Adultism as a critical analysis tool: an example applied to socio-judicial intervention with young people living in a context of domestic violence
Pamela Alvarez-Lizotte, Caroline Caron
Research Framework: In this article, we propose a theoretical and critical analysis of the social relationship of age, in light of a concept that has emerged from critical social perspectives in recent decades, namely adultism.
Objectives: We have two objectives: 1) to conceptualize adultism as a system of oppression that results in epistemic injustices and 2) to exemplify how adultism can manifest itself today, by applying the analysis to socio-judicial intervention with young people living in the context of domestic violence (DV).
Methodology: We deconstruct youth-adult social relationships as they are known in Quebec by conducting a theoretical and critical analysis based on the work of Collins (2000) and the emerging literature on adultism.
Results: Adultism is a system of oppression formed, developed and perpetuated by four interrelated domains of power: hegemonic, structural, disciplinary and interpersonal. In socio-judicial intervention, these domains of power constitute a major obstacle to the recognition of the epistemic agency of youth living in the context of DV. Adultism contributes to discrediting and marginalizing the voices of these youth; as a result, their views are not always sought, heard, or considered in decisions made about their custody and father-child contact.
Conclusion: Through the four domains of power, adultism contributes to young people’s experience of epistemic injustice and poses barriers to the recognition of their agency.
Contribution: The article highlights the potential for social transformation of a better recognition of adultism, particularly in the intervention with young people living in the context of DV, as well as the relevance of its use as a tool for critical analysis.
Young Adults’ Agency Exposed to Intimate Partner Violence and Supported by Use of the Life History Calendar
Annie Dumont, Geneviève Lessard, Pamela Alvarez-Lizotte, Anaïs Pellerin, Simon Lapierre
Research framework: This article is based on two studies of young adults who were exposed to intimate partner violence (IPV) in childhood or adolescence. These studies focused on their life course and their views of intimate partner violence.
Objectives: The article documents the types of agency enacted by the young adults interviewed, through their life course. It also explores the extent to which the use of the Life History Calendar (LHC) in the research can help empower these young adults over the way they tell their stories.
Methodology: Semi-structured qualitative interviews, supported by the LHC, were conducted with 63 young people aged 18 to 25 who had been exposed to intimate partner violence. Their agency was analyzed using Hitlin and Elder’s (2007) typology.
Results: The identity agency strategies described by the participants relate largely to actions that allow them to protect themselves from violence in their daily life. The pragmatic agency and life course agency allowed them to face new situations and to project themselves into a better future. Their participation in the research is also part of their agentive strategies.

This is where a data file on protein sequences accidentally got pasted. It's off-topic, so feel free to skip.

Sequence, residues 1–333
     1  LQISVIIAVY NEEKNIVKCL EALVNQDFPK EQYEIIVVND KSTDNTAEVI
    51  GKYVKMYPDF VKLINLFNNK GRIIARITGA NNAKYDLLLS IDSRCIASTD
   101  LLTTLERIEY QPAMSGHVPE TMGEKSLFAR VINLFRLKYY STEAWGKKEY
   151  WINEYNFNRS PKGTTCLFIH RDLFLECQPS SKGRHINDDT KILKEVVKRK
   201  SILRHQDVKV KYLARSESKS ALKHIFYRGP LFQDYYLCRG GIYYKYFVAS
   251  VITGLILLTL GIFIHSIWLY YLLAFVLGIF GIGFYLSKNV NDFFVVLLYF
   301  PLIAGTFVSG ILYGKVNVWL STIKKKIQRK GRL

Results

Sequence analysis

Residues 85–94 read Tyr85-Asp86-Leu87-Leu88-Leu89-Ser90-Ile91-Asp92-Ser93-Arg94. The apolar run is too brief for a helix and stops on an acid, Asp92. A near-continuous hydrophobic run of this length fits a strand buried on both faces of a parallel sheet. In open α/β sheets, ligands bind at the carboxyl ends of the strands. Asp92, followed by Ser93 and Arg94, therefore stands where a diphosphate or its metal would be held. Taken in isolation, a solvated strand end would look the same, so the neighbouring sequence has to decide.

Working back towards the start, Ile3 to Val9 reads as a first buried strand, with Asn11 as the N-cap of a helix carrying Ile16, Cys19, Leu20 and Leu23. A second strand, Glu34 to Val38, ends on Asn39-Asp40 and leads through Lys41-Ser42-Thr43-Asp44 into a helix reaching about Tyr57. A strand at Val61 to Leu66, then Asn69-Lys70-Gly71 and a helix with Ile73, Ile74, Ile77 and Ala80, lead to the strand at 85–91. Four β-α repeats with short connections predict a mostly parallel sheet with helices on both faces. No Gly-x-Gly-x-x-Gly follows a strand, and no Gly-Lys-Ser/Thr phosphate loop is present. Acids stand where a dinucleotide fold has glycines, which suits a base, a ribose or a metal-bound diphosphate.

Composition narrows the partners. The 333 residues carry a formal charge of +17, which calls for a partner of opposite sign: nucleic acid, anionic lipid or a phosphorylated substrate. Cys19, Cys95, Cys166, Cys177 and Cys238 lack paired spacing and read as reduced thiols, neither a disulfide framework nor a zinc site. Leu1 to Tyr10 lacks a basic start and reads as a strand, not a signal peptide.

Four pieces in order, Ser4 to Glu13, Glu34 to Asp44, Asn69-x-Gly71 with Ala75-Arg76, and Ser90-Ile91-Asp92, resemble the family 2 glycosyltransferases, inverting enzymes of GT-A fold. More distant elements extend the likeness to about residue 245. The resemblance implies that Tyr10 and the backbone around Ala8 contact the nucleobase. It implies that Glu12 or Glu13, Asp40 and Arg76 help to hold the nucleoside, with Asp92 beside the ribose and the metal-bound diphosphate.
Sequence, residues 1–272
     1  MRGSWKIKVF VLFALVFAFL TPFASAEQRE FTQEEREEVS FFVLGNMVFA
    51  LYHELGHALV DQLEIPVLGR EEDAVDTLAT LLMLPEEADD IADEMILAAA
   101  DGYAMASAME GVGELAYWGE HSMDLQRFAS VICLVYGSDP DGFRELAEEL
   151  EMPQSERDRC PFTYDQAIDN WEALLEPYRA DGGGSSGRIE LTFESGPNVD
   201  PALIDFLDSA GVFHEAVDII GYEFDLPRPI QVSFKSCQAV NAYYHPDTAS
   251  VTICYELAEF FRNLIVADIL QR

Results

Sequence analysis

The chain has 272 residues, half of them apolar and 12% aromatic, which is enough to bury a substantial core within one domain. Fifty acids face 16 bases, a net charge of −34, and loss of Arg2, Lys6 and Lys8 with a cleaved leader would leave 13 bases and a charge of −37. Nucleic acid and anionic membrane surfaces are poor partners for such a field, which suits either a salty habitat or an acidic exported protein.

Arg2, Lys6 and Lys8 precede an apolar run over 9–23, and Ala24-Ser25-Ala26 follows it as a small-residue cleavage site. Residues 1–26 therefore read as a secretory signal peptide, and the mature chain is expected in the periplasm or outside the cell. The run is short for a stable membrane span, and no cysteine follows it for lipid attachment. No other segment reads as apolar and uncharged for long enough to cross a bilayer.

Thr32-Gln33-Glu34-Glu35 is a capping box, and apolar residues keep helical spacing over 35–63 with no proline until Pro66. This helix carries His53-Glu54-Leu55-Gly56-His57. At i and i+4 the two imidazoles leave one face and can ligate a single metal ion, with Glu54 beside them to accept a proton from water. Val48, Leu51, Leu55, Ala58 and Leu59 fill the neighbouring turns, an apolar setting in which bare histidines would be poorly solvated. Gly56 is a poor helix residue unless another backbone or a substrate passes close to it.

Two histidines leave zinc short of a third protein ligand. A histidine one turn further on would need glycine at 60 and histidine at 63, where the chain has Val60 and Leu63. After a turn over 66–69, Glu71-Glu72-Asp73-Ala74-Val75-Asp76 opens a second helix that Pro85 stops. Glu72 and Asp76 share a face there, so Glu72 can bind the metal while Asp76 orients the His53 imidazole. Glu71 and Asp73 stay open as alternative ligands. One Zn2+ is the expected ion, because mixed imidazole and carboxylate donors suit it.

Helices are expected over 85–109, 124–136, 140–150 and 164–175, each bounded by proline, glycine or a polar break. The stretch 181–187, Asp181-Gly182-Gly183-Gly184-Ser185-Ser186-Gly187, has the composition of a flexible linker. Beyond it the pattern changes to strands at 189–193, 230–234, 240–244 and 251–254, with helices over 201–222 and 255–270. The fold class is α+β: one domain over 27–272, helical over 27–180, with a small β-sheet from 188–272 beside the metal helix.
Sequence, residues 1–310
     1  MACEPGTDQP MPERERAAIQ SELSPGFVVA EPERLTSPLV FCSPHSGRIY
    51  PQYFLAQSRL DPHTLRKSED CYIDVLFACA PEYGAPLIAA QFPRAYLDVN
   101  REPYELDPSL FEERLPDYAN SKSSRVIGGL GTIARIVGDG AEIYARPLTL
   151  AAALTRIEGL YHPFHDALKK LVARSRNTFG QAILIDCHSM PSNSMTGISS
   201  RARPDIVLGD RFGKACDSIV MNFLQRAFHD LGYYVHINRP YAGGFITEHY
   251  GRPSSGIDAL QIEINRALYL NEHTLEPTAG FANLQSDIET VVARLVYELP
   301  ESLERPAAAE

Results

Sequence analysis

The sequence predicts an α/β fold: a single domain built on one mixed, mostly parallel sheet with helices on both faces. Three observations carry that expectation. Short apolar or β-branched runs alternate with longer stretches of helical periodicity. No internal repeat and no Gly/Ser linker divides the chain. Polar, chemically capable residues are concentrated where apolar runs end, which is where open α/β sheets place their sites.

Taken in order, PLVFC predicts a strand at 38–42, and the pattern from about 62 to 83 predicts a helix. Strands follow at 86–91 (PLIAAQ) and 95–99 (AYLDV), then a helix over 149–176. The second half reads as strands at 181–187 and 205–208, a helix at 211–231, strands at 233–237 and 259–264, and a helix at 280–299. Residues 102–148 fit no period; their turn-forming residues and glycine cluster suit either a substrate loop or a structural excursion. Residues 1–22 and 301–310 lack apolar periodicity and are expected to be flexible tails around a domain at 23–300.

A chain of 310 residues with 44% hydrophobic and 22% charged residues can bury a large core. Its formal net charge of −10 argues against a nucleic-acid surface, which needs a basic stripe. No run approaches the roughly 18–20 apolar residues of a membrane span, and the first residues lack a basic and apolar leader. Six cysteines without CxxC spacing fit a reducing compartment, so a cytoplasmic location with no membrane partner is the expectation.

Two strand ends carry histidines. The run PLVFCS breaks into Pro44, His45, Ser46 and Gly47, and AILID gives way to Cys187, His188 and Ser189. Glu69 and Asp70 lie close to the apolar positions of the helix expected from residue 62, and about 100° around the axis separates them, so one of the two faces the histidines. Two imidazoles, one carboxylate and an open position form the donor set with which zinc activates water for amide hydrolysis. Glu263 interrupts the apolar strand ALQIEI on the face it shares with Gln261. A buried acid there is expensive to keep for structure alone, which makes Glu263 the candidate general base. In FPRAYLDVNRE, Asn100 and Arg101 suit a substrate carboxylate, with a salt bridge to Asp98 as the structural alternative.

Conclusions: The retrospective view adopted by the participants leads them to describe the meaning they gave to the agentive strategies used to counter their experience with exposition to IPV and its short- and long-term consequences. In addition to generating new knowledge about exposition to IPV, the methodology used allows a reappropriation of their life story by young adults involved, who can explain the meaning of their actions or decisions.
Contribution: Considering young adults who have experienced exposure to IPV as actors in their life course contributes to giving them a voice and taking their points of view into account in the decisions that concern them.
One is not born a beauty, one becomes one: maternal responsibility and the transmission of the care for beauty in Taiwan
Research Framework: In Taiwan, parents are increasingly concerned about their childen’s future and deliberately invest in their future competitiveness. In a highly competitive environment where female beauty can bring many material and immaterial benefits, mothers are encouraged to transmit some aesthetic values and behaviors to their daughters.
Objective: This paper aims to analyze the little-studied phenomenon of the transmission of beauty care by mothers to their daughters in the Taiwanese neoliberal context.
Methodology: To do so, we mobilized a qualitative methodology based upon 70 semi-structured interviews and participant observation in Taiwan between 2014 and 2017.
Results: Our research showed that, in order to maximize their chances of success in their personal, marital, professional and social life, beauty is seen by women as a decisive asset. Mothers are then held accountable to teach their daughters to take care of their physical appearance. Three dominant themes emerged from the participants’ comments regarding this aesthetic training: moderating or reducing the appetite, having white skin, having a cute behavior and appearance.
Conclusions: The skills necessary for aesthetic work are learned from deliberate investment. Mothers have the responsability for this aesthetic training. This gendered and generational dimension of the training of future « aesthetic entrepreneurs » is decisive, but often invisibilized in discussions of neoliberal individualism.
Contributions: Our research allows us to understand the new gendered modalities of parenting in a context where the children are considered as human capital in the making.